Terraria a.k.a. Minecraft Lite Review (PS3)

Terraria Logo

Do you happen to be one of the few people that hasn’t played Minecraft yet, but can’t seem to come up with the extra $12 to get it? Well then Terraria is the answer you’re lookin’ for!

Honestly, kudos to the team who made this for making something like this possible; a sprite side-scrolling version of Minecraft. However, it feels vastly unnecessary considering the fact that it’s just the same game minus some key elements that made it fun, like making a rail system so you can ride around in a cart rather than have to walk everywhere. Considering that you have to literally walk everywhere and most of the time you’re digging far underground, you’ll wish there was an underground rail system.

That’s not to say it’s a bad game, far from it. While the game itself has no story, it relies mostly on a person’s imagination and willingness to explore and I think that’s a noble aspect of a game, getting a person to actually think.

Terraria screenshot-3

It starts you off with a custom character creator, allowing you to change your look from a pretty good sized assortment of choices as far as hair and colors and allowing you pretty much any name you want, then dumping you in a randomly generated world. This is where it starts to get a little tricky. For a person just getting into the game, you’ll notice that the controls take a lot of time getting used to, not because it’s a difficult learning curve, but because of the amount of controls you’ll need to memorize.

While the legend for it is readily available at the pause screen, it’s fair warning to say that if you’re playing online, don’t stay on the pause screen for too long because it doesn’t actually pause the game, it just brings up the pause menu. The controls are a bit of an issue at times. While it’s very easy to run, jump, attack and use your tools such as the axe to cut down trees and the pickaxe to mine through dirt and stone, when it comes to actually placing objects, it’s a bit of an issue.

For example, say you’re trying to pick a specific block, but you can’t get the stick to move in just the right position. So you press R3 to switch placing modes and there you go, precise placement. Then you forget that you did that and you’re stuck for 5 minutes wondering why you can’t mine through a dirt wall.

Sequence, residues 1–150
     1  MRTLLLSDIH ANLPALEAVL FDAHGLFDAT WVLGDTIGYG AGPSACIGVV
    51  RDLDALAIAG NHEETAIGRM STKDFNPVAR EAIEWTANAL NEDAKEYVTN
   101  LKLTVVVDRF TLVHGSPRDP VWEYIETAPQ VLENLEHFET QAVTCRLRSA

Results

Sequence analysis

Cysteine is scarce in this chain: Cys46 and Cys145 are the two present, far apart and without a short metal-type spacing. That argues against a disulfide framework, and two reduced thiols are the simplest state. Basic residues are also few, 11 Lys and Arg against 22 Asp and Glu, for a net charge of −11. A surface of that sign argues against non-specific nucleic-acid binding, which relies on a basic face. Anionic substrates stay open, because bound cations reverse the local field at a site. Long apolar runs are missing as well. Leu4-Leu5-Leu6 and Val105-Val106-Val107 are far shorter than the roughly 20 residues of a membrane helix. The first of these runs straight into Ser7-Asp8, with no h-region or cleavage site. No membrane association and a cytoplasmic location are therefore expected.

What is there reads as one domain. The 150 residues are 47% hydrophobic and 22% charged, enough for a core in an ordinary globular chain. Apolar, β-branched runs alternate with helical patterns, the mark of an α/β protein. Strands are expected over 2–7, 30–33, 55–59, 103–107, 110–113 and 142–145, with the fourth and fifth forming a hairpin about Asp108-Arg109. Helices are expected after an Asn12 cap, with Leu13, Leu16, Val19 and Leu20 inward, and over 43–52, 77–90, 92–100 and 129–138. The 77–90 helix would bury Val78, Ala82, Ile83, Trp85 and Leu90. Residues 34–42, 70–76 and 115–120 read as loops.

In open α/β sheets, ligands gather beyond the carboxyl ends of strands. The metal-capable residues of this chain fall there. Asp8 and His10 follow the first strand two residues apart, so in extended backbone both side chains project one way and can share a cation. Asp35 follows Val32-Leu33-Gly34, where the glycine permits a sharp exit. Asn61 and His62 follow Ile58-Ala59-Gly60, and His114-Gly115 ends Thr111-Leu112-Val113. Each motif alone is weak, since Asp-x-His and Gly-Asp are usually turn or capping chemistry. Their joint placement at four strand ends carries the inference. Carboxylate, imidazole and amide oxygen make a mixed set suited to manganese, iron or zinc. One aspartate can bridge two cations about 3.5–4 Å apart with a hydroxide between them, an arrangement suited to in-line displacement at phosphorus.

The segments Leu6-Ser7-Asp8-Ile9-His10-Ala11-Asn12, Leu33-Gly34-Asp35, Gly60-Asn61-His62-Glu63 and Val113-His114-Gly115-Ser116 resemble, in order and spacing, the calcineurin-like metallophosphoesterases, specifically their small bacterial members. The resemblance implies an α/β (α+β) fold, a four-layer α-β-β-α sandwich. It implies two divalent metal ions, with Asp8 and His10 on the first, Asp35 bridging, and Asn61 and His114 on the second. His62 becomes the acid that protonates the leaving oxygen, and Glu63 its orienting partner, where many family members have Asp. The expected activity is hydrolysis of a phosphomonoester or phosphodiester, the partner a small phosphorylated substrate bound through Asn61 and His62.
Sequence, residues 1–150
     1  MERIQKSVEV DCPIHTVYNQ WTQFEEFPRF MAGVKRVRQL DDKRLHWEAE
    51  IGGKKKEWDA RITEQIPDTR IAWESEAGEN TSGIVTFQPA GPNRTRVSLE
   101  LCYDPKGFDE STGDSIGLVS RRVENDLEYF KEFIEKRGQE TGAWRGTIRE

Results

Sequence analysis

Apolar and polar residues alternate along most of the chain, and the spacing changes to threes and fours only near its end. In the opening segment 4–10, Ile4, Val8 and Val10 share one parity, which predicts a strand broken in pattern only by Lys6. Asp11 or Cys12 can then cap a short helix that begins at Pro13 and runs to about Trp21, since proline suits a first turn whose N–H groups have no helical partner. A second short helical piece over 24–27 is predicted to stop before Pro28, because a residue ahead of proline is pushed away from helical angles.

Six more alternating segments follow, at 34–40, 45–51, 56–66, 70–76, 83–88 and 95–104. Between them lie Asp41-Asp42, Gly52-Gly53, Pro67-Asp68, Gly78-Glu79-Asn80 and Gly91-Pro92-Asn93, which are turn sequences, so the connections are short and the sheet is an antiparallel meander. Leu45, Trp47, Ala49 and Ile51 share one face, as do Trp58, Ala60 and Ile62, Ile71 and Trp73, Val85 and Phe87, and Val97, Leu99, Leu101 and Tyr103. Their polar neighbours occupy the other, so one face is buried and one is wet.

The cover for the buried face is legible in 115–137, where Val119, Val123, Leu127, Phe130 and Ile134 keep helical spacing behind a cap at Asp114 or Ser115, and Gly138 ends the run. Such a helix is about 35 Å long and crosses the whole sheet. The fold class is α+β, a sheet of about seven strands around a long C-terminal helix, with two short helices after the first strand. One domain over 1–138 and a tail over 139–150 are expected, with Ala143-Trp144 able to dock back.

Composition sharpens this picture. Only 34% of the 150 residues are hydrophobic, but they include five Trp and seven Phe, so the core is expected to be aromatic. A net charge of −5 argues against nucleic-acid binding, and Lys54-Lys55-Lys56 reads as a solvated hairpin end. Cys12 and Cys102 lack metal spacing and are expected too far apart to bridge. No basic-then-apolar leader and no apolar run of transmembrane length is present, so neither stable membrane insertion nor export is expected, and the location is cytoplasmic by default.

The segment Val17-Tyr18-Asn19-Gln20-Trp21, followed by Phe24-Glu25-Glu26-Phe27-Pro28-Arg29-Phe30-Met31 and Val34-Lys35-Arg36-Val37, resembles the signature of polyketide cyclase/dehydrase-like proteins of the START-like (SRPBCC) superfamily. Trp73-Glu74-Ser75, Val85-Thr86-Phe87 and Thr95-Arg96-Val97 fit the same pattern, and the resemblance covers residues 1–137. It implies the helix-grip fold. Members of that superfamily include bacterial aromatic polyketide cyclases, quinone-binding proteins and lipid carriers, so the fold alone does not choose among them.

Speaking of the mining, you best be prepared to spend hours upon HOURS of time wandering underground looking for some of the most basic materials like iron. For the mass amount that you need to create some of the better items, it’s going to take a long, long time.

Terraria screenshot-1

Now for veterans of Minecraft this is nothing new, but one fundamental flaw that Terrarira could’ve avoided was that you can’t craft tools with stone as you could with Minecraft. Why is this a problem? Because stone accounts for 70% of the stuff you dig through to get underground. Now in the short run, it doesn’t seem like it’s that big of a deal, with the bottom tier tool being copper and the next one being iron. Considering how long it will be before you can even get that much iron, it makes you wonder if it’s even worth it, not to mention you need that iron to make other important items like the iron chain, the anvil and so forth.

There also seems to be a weird difficulty curve when it comes to how far you dig. A good example is when I started a 3rd world, dug in a downward zig zag pattern for about a good 5 minutes, and all of a sudden was bombarded by giant worms. I also had invisible enemies killing me in a few hits with poison darts that somehow fly at you at 400 mph and just go through the environment like it has “no-clip” on. Other times, I encountered no enemies at all except at night when zombies would try to break down my door.

On the other hand there is a guide that hangs out where you spawn that helps you with recipes and tips. Unfortunately, the programmers forgot to give him 2 things: God mode and Intelligence higher than half a walnut. The reason I bring this up is that every time I created a world and it turned night, this little imbecile would hide in my house from monsters and leave the door open. Seriously, WHY!? So eventually I got fed up with it and just holed myself in with 2 walls so he couldn’t get it. Yes it’s cruel, but really, that should never have been a problem to begin with.

Terraria screenshot-2

The sound is a bit of a tossup. It’s great quality, but the type of music that they chose really effects how you’re going to play . It’s quirky and nice, but at the same time if you just want some calm serene music while digging underground, you’re out of luck.

The replayability of this game really depends on the player, because some people don’t mind spending hours and hours and days mining one section of a map, while others would get sick of it in the first 10 minutes. The online multiplayer is also somewhat of a hit and miss, because in all the times I’ve played online, not once have I seen anyone else.

So if you’re interested in a side-scrolling sprite version of Minecraft, pick this one up, otherwise just save up the extra $12. However like most good games, this one actually has a free demo version to try, so why not give it a spin?

Grade: B+

Pros

  • Nice and Colorful
  • Sprites are easily distinguishable from others
  • Relatively cheap
  • Characters inventories come with you from world to world

Cons

  • No rail system so you’re stuck walking everywhere
  • Invisible enemies
  • Enemies spawn within safe zone if you increase your “Border”
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